After 20 years of effort, the Washington apple industry has finally gained full access for all its varieties to the Chinese mainland. The timing couldn't be better for Washington's growers as the industry is in the midst of marketing its largest crop in history, currently estimated at 150m cartons.
The agreement was reached over this last weekend during bilateral negotiations in San Francisco between the USDA's Animal, Plant, Health Inspection Service (APHIS) and China's General Administration of Quality Supervision Inspection and Quarantine (AQSIQ) that will admit all apple varieties grown throughout the US meeting conditions specified under a new working plan.
The first shipments of Washington apples are expected to commence in about a month and a half. Until now, only Red Delicious and Golden Delicious varieties were legally allowed to be exported to China.
'The Washington apple industry has changed tremendously since we first gained access to China in 1994.” said Washington Apple Commission (WAC) president Todd Fryhover in a release.“Red and Golden Delicious now account for less than 40 per cent of our overall volume, and gaining access for the rest of our varieties allows us to provide Chinese consumers with more high-quality choices from Washington.”
Fryhover and Barbara Walkenhauer, chair of the WAC's board of directors, are reportedly en route to China to 'meet with Chinese fresh fruit traders and personally encourage them to bring... additional varieties.'
The Washington apple industry has seen a dramatic change in its prospects for sales to the Chinese mainland in recent months. Only last October, Washington regained access for Red and Golden Delicious after more than two years of being shut out due to phytosanitary issues. China had been a 3m-carton (18.1 kg) market for Washington state with a farm gate value estimated at US$55m as recently as the 2010/11 season.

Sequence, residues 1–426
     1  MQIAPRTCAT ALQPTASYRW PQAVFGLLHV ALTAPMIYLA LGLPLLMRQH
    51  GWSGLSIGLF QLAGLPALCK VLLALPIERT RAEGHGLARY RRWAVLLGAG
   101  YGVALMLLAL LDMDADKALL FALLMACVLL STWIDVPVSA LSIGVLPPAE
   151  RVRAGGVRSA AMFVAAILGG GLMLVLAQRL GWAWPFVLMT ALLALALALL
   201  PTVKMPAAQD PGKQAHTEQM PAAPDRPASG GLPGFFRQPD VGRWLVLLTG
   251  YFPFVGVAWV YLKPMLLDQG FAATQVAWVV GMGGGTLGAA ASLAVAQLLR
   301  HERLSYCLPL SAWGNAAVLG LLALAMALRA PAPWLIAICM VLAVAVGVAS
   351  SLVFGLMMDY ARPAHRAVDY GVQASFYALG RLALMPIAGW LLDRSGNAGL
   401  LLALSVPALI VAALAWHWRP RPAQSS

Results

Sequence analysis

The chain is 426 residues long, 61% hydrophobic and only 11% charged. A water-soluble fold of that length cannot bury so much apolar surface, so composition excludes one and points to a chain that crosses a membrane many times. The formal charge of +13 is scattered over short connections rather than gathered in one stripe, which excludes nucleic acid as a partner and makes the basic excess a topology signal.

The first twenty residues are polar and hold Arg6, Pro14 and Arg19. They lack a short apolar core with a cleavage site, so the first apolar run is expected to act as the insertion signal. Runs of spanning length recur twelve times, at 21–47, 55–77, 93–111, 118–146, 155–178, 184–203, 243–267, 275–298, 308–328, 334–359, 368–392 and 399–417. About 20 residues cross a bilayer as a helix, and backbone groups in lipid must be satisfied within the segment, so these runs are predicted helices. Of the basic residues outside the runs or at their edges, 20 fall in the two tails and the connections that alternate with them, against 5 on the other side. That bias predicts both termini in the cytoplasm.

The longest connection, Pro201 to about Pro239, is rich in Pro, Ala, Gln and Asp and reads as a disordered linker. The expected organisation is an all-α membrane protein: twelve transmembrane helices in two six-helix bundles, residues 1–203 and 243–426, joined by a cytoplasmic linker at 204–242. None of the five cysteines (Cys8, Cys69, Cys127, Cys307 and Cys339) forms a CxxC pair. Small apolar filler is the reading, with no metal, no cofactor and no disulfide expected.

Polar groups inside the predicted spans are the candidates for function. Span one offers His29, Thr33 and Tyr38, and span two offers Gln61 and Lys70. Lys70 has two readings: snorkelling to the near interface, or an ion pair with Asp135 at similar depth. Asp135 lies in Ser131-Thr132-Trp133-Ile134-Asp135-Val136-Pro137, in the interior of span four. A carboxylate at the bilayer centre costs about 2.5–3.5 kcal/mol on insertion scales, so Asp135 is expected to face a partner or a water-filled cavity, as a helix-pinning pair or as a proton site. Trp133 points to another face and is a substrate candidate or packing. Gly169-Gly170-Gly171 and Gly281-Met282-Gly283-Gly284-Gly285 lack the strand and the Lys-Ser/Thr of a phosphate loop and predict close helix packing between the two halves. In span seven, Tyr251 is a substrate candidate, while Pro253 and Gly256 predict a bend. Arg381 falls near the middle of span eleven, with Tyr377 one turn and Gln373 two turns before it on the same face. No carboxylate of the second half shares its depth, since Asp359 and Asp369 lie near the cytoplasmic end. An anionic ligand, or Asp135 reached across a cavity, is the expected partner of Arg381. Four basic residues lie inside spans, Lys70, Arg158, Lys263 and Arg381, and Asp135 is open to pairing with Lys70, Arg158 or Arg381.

'There is every reason to believe our industry could double that figure to as much as six million cartons given a full season of shipping,' says Danelle Huber, international marketing specialist for the WAC.
Washington has had its share of challenges this season. A labour impasse affecting ports along the US West Coast has severely restricted shipments to Asia and other international markets since last October. Russia's embargo of agricultural imports from western nations, a potential anti-dumping case threatening exports to Mexico and a US dollar greatly appreciated in value have taken their toll and Washington's international trade.
'We've excellent quality fruit this year,' said Huber, who just returned from a marketing trip to South East Asia. 'Everywhere I went, importers were saying how much they loved our apples but just wished they could have more. Needless to say, we're hoping that the laboir problems at the ports are resolved – and soon.'